Day 284: Causeway Dismay

When she walked to the Emerald Victorian this morning, Laetitia had already decided to go next to the Giants Causeway, but as the last drops of coffee fell into the carafe, she decided to make a detour elsewhere in County Antrim to Ballywillin Church.  The Normans built the church, now a ruin, in the twelfth century.  It was originally Catholic and then, after the Reformation, Church of Ireland.  Services were held there until around 1840 when a new church was built in nearby Portrush.  Among the weathered, lichen and moss encrusted tombstones in the graveyard was the headstone of Dorothea Ross.  The Stuart Coat of Arms and Fleur de Lys were faint but still visible.

The Giants Causeway is a stunning array of columnar basalt, a remnant of the region’s volcanic past. The orderliness of its columns once confused the captain of a ship from the Spanish Armada, who shelled it thinking it was Dunluce Castle.  Legend has it the Causeway was forged by Finn McCool, the giant Ulster warrior of Irish folklore.  Laetitia’s great grandmother had been there in her youth and among the family treasures was a stereoscope that showed a faded image of the Causeway in three dimensions.  The Causeway is a designated UNESCO Heritage Site and very popular with tourists from around the world.  As Laetitia’s group was crossing the crowded parking lot, they saw a group of German-speaking tourists disembark from a van marked Dieter’s Tours.  When Laetitia’s group noticed the van, they began to whisper among themselves and snicker.  Laetitia soon understood why.  Dieter is pronounced in Deutsch as though it was “deeter” and is a very common German name, but her group was mostly American, and, to them, the name reads “di-et-er” or “one who diets.”  Some comments from Laetitia’s group were, “why would anyone want to go on a tour with rationed food?” and “those folks certainly didn’t look like dieters.”  This episode spawned the limerick of the day.

To a German, no trip could be sweeter
Than one run by that tour group called Dieter
But, it’s a disquieter
To Yanks who read “di-et-er”
And think it’s not for a big eater.

Day 105: Cancan

County Cavan is lough country. There are allegedly 365 of them, one for each day of the year. A small lake in the county, known as Shannon Pot, is the source of the River Shannon. The county is part of Ulster, but is not in Northern Ireland. Laetitia took her group to Magh Slécht, an ancient plain dotted with little drumlin hills and remnants of early civilization: megalithic tombs, ring barrows, crannogs, stone circles, and standing stones. At the pub after a day of hiking on Magh Slécht, Laetitia heard some gossip about a young woman named Anne who had gone nightclubbing in Paris and had become a cancan enthusiast, much to the annoyance of the elders in the small hamlet of Ardan where she lived.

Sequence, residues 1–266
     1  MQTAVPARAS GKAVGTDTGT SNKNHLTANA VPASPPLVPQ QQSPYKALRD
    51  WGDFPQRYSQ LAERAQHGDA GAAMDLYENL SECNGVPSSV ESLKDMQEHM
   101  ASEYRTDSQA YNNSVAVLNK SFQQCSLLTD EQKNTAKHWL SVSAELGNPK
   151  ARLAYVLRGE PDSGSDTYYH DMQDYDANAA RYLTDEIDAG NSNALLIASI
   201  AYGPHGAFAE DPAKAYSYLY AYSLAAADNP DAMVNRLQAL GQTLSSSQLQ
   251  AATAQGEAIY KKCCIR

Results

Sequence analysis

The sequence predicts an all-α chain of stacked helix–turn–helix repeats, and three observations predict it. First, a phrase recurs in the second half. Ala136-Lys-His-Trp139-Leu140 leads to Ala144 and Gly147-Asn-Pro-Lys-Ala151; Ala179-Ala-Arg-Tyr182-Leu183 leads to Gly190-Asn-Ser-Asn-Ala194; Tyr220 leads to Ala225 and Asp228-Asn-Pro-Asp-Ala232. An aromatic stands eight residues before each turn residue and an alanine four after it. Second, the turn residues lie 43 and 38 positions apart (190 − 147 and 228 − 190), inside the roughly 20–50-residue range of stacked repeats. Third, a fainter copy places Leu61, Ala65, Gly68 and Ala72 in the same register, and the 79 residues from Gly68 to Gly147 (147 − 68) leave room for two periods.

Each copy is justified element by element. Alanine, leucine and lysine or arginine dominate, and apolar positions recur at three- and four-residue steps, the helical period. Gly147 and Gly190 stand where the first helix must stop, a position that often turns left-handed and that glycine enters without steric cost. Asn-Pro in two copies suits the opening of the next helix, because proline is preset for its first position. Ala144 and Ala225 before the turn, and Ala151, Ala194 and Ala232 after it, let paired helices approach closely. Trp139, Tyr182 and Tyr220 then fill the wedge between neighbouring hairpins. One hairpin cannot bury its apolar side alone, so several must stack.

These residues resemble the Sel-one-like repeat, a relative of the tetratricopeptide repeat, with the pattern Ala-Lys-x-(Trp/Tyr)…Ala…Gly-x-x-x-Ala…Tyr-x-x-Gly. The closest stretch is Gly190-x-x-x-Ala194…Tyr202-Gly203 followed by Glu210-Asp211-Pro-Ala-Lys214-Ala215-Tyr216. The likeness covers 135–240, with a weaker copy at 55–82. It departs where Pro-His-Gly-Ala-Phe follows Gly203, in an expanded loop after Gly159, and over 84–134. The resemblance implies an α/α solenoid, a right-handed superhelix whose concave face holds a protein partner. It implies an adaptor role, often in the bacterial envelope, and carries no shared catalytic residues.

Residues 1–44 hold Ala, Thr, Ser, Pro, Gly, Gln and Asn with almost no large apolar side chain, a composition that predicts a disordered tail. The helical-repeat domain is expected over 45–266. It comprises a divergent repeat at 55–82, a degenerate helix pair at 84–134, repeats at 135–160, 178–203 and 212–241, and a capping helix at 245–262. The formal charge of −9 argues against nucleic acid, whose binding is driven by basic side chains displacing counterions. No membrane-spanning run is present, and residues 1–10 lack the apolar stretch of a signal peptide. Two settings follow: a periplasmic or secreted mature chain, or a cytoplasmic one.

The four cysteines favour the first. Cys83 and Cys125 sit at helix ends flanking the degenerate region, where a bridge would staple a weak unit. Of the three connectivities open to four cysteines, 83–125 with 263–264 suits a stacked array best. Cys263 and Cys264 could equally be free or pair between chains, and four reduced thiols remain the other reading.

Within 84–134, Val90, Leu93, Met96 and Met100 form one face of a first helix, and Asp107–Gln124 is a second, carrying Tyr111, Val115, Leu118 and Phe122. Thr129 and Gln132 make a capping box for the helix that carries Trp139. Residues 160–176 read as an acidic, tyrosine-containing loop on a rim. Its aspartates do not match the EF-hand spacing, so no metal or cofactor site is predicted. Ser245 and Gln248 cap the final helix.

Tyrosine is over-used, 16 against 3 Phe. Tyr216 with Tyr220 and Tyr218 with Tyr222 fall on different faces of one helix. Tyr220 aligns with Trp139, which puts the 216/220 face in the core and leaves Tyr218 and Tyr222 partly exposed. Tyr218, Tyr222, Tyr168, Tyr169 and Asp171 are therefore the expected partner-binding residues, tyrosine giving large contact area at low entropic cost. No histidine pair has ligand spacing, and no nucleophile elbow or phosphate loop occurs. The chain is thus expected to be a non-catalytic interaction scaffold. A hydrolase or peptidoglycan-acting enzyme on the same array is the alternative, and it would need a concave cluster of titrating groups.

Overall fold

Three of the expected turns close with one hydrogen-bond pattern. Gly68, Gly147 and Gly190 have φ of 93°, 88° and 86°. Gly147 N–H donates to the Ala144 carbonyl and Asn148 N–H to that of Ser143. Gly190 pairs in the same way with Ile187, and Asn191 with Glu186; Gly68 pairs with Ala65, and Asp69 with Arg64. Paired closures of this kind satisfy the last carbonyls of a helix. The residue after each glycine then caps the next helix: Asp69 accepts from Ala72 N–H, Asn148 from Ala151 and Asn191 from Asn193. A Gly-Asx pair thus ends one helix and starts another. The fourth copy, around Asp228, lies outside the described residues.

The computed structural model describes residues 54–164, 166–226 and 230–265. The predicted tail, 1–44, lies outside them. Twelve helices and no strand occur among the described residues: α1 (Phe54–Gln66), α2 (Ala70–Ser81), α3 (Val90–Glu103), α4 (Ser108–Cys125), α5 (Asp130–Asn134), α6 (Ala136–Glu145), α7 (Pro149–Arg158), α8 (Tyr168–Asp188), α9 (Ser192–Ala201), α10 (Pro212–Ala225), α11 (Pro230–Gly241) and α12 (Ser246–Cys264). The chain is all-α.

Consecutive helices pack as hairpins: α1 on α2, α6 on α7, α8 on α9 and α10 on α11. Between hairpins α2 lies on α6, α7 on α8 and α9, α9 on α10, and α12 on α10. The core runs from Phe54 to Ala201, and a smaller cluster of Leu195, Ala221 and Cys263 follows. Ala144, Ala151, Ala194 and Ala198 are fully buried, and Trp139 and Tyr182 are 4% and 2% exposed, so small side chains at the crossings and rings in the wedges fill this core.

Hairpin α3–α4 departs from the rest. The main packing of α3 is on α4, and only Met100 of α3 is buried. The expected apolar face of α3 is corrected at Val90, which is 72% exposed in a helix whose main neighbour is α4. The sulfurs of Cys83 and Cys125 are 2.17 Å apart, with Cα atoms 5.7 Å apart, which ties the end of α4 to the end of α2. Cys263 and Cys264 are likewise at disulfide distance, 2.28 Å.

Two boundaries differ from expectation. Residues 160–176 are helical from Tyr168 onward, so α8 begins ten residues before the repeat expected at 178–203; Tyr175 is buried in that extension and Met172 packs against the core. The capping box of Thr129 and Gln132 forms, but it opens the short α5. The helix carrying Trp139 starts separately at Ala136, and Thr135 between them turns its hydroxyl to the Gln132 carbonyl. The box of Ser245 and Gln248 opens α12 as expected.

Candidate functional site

A flighty young lady named Anne
Would compulsively dance the cancan
Anytime, anyplace
“T’is an awful disgrace”
Said the dowager set of Ardan.

Day 63: Malt Fault

Today, Midleton is probably best known as the home of Jameson Irish Whiskey.  The Cork Distillers Ltd. facility in Midleton opened in 1825.  Jameson production moved there after the original Jameson facility in Dublin closed.

The distilled spirits known as Irish whiskey can be traced back to the twelfth century. The oldest surviving licensed distillery in the world is the Old Bushmills Distillery in County Antrim in Ulster, which dates back to 1608.

Briefly, the whiskey-making process involves soaking grain (traditionally barley) in water until the seeds begin to germinate. Once the grains have begun to produce sugars, but before they begin to sprout, the mixture is heated to stop the germination process. In Ireland, the heating process is done in ovens; in Scotland it is done over open peat fires giving Scotch whisky its distinct smoky taste. The product of this process is called malt. The malt is ground and put in vats with water and yeast to ferment. The beer that is produced by the fermentation process is then distilled to make whiskey.

Irish whiskey is distilled three times; Scotch whisky is distilled twice; Bourbon is distilled once. The most expensive whiskeys are made from pure barley malt. Less expensive whiskeys are usually made from blends of barley and more abundant (and thus cheaper) grains, such as wheat. The whiskey is then aged in wooden casks, often ones used previously for sherry. The whiskey is often enhanced by additives (usually trade secrets) that give each brand its distinct flavor.

Laetitia and her group did a walkabout in Midleton, followed by a distillery tour and whiskey tasting. During the tour, Laetitia overheard an argument between a father and his adult son that centered on the son’s poor taste in liquor. It was the source of the limerick of the day.

Said a Midleton dad, “It’s a shame, son
And there’s none but yourself for to blame, Son
Drinking bar Scotch and Bourbon
Is mighty disturbin’
In the town where they make pure-malt Jameson.”